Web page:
Notable among those who endorsed the statement were Quakers, Charles Zavitz, interim president of Guelph Agricultural College, and Elias Rogers, businessman and Liberal politician. The Society eventually attracted over a thousand members headed by Sir William Mulock, chief justice of the Ontario High Court of Justice.

In 1907, as a response to the popular peace movement, a resolution to turn the Hague Conference into a permanent international congress with powers of arbitration was endorsed by the Ontario Legislature. As a result of the influence of the Peace and Arbitration Society, the Presbyterian Assembly, in 1911, condemned war as contrary to Christian morals. Methodists involved in the Peace and Arbitration Society proposed labour strikes in protest of war.(28) Thus, the early public support for the Boer War was transformed by many into revulsion for war after its conclusion.

In Ontario, principles of peace were regaining public favour; however no peace mechanism had been created to enable “Christian good-will to express itself”. The chairman of the Peace and Arbitration Committee lamented that within Ontario society peace had “been accepted generally as a beautiful abstract idea, worthy of realization, but impracticable, and war as undesirable, yet necessary and practical.”(29) The Canada Yearly Meeting then called for Quakers to take a lead in instituting a peace movement which would be “memorable in history.”(30)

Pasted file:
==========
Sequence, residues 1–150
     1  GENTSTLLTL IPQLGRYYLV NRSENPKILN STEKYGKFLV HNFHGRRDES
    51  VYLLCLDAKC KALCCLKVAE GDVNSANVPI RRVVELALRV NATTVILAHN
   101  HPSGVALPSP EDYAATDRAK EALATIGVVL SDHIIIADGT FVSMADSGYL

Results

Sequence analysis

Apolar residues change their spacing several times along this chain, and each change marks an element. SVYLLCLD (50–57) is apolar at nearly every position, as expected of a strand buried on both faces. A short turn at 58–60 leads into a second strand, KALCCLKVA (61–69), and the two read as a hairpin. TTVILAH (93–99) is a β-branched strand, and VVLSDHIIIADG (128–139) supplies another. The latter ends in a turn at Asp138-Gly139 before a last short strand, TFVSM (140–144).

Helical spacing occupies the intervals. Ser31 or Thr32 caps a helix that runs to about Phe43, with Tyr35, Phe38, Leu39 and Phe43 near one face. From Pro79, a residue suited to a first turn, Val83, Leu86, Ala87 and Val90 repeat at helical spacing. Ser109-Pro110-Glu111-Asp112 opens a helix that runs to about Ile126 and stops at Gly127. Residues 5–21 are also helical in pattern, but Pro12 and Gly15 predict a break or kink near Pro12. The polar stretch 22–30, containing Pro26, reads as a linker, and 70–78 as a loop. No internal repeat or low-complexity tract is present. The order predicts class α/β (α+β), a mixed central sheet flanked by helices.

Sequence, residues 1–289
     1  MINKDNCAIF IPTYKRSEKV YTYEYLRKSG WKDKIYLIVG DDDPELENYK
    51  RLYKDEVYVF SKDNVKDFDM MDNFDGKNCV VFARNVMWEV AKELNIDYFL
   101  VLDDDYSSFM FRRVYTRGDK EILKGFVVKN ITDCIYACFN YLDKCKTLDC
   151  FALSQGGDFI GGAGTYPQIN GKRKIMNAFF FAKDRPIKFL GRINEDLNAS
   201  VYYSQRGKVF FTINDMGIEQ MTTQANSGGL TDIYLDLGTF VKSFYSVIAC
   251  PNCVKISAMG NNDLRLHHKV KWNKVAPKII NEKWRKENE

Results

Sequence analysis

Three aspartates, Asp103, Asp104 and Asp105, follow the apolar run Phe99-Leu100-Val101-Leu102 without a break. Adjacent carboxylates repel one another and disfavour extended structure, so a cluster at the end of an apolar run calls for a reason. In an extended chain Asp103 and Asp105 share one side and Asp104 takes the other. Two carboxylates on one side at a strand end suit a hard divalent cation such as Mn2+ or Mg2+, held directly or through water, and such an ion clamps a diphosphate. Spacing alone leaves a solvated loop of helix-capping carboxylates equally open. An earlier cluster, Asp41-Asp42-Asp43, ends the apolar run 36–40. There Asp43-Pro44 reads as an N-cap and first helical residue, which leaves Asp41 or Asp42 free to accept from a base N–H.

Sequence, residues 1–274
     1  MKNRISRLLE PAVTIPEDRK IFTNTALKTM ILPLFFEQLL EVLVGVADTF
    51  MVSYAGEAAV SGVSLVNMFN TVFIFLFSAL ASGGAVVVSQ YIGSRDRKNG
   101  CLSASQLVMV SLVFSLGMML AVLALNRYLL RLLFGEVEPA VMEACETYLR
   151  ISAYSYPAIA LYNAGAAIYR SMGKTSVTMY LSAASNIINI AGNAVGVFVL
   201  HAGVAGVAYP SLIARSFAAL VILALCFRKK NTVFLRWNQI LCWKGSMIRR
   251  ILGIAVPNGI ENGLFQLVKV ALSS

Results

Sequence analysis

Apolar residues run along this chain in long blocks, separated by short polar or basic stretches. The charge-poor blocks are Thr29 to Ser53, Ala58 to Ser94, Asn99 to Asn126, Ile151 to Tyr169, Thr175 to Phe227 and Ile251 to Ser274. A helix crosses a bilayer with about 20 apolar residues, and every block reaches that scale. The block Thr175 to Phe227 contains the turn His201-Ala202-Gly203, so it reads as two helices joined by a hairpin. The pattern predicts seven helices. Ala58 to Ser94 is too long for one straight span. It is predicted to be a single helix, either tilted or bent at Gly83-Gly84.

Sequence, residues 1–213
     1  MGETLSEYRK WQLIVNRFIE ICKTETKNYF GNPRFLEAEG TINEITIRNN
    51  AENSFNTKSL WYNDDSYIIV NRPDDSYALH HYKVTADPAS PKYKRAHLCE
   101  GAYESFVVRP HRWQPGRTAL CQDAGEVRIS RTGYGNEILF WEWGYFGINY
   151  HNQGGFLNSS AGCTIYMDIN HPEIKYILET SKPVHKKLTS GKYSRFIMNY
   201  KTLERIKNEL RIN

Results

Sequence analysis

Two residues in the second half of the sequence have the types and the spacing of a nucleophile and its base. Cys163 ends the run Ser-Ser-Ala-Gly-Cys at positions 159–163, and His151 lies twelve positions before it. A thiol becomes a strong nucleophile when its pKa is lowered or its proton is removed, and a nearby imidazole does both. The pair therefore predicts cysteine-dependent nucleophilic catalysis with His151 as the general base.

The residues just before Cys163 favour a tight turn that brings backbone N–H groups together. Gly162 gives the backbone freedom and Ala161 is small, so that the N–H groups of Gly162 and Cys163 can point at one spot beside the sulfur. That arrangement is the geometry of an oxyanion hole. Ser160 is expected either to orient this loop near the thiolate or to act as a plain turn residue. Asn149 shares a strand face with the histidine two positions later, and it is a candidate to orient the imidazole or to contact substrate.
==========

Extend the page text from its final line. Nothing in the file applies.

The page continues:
Pacifists in Ontario underwent a transition and adjustment to social reality. According to historian Thomas Socknat, there are those who believe that war is inhumane and irrational and should be prevented but is sometimes necessary, and those who believe that war is absolutely and always wrong.(31) Religious groups who oppose war in the abstract but who become convinced that some wars are just fall in the first category, while sectarian pacifists like the Quakers and Mennonites fall into the second category.